It is impossible to approach the magnitude of Easter without gazing on the beauty of Christ’s forgiveness and its subsequent demand on us. Consider Amy Carmichael’s reflection:
If I have not compassion on my fellow-servant even as my Lord had pity on me, then I know nothing of Calvary love.
If I know little of His pity, if I know little of His courage of hopefulness for the truly humble and penitent, then I know nothing of Calvary love.
If I cast up a confessed, repented, and forsaken sin against another, and allow my remembrance of that sin to color my thinking and feed my suspicions, then I know nothing of Calvary love.
If I take offense easily, if I am content to continue a cool unfriendliness, though friendship be possible, then I know nothing of Calvary love.
If I say, “Yes, I forgive, but I cannot forget,” as though the God, who twice a day washes all the sands on all the shores of the world, could not wash such memories from my mind, then I know nothing of Calvary love.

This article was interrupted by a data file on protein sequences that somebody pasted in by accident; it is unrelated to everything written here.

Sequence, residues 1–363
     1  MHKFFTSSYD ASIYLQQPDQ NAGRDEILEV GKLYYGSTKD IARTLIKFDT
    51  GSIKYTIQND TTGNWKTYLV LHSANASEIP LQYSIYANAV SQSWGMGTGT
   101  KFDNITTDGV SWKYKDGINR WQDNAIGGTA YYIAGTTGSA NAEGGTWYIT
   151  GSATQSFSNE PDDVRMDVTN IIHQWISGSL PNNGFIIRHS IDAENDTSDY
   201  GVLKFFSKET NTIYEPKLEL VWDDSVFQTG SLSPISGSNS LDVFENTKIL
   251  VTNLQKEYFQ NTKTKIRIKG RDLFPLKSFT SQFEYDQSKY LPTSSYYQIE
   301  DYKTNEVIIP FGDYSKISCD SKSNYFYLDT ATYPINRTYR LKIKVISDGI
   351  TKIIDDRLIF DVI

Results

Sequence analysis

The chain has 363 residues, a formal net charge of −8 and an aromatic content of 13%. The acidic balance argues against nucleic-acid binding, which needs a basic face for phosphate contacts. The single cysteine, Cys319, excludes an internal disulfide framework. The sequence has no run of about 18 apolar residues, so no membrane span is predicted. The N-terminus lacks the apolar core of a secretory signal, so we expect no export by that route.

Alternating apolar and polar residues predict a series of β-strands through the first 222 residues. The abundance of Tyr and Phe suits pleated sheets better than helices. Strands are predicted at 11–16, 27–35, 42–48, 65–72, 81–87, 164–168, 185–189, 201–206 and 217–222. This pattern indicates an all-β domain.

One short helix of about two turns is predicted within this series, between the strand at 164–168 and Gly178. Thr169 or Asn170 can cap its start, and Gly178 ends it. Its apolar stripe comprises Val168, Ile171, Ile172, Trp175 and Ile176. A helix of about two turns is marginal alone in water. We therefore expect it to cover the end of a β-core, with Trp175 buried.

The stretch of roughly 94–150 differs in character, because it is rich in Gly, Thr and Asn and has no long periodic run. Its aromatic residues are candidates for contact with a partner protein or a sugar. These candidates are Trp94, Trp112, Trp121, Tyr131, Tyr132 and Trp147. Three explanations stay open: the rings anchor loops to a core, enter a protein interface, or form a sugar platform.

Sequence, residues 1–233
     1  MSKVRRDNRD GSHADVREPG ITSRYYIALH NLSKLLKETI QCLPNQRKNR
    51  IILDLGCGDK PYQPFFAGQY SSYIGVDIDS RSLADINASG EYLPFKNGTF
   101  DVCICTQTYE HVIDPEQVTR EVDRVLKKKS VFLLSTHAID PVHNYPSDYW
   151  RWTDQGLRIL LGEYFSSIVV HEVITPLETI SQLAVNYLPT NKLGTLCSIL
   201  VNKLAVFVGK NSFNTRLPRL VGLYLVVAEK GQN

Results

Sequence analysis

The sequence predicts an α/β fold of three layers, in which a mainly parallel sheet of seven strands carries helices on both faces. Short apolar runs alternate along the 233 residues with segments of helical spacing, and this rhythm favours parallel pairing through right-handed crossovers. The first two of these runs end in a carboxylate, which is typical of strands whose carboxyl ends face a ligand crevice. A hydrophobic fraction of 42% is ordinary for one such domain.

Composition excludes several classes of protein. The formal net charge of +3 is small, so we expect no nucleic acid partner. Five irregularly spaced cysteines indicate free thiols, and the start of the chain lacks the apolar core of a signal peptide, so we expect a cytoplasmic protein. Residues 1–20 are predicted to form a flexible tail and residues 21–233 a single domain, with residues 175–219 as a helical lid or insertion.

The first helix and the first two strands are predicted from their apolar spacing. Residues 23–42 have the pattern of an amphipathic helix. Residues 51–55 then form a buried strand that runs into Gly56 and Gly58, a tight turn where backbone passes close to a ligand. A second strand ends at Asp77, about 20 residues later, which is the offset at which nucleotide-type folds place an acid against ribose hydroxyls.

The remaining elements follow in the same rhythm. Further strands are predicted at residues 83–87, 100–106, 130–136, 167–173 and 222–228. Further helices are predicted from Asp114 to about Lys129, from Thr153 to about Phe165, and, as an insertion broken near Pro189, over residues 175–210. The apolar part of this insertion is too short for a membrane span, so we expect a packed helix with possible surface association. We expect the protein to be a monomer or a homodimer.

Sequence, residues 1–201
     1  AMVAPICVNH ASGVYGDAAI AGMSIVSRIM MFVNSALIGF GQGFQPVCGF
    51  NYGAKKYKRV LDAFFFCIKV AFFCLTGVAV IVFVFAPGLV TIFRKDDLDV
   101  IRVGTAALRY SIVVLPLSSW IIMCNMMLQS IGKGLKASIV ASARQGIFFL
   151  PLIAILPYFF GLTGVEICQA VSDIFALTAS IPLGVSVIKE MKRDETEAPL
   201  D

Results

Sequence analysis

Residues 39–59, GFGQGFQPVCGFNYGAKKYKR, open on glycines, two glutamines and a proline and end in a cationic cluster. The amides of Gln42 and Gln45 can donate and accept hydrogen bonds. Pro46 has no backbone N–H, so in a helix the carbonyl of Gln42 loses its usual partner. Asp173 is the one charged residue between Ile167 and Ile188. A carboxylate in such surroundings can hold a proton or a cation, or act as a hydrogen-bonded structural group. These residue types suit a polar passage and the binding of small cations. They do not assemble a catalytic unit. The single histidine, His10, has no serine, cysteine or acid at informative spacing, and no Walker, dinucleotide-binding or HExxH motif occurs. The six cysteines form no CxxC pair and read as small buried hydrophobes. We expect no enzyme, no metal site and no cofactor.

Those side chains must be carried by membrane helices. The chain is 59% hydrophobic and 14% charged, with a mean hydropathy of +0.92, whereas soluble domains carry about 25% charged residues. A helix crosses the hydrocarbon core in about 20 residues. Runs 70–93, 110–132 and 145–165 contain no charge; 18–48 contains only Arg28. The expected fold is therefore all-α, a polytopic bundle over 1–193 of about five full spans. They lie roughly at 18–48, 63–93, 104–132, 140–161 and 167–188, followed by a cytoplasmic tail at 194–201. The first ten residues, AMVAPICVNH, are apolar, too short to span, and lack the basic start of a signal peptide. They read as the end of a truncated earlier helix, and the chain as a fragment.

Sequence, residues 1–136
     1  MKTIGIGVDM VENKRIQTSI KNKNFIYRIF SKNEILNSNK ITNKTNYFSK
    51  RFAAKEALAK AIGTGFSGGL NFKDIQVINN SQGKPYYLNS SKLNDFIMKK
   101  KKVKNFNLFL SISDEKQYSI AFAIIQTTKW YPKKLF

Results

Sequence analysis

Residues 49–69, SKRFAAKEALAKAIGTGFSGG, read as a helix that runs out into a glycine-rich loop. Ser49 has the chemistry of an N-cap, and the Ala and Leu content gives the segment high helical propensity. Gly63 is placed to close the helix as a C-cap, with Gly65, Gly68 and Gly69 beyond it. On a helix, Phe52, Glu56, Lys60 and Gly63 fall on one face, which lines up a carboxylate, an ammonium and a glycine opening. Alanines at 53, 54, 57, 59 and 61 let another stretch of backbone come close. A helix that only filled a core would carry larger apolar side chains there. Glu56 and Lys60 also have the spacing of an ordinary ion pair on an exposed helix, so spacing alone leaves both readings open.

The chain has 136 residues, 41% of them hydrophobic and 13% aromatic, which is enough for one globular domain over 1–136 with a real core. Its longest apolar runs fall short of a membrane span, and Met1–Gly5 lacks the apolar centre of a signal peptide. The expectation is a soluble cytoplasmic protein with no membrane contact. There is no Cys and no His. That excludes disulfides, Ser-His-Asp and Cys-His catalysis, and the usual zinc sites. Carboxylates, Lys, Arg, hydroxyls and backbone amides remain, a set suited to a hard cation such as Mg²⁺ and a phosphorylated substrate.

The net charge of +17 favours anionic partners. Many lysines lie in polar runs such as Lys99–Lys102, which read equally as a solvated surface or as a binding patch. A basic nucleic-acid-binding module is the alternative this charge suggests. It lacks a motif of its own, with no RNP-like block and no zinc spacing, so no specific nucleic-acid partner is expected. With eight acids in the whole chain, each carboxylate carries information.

(From If, by Amy Carmichael. Here is the Kindle link to this little gem of a devotional book. It has been a staple of my spiritual encouragement for many years and I highly commend it to you.)
Yes, Lent calls us to cease from counting the offenses against us. Reflecting on the cross helps to us release the need for things to be made right before we embrace forgiveness. Do not neglect to notice that Jesus spoke the words “Father, forgive them” (Luke 23:24) while he was still hanging on the cross, alone and abandoned by his friends. He spoke them with the pain of the nails still in his hands and feet. He spoke them with the sting of false indictment and ridicule hanging over his head. Calvary love demands we do the same.
Have you been wronged? Offended? Betrayed? What would Calvary love have you do?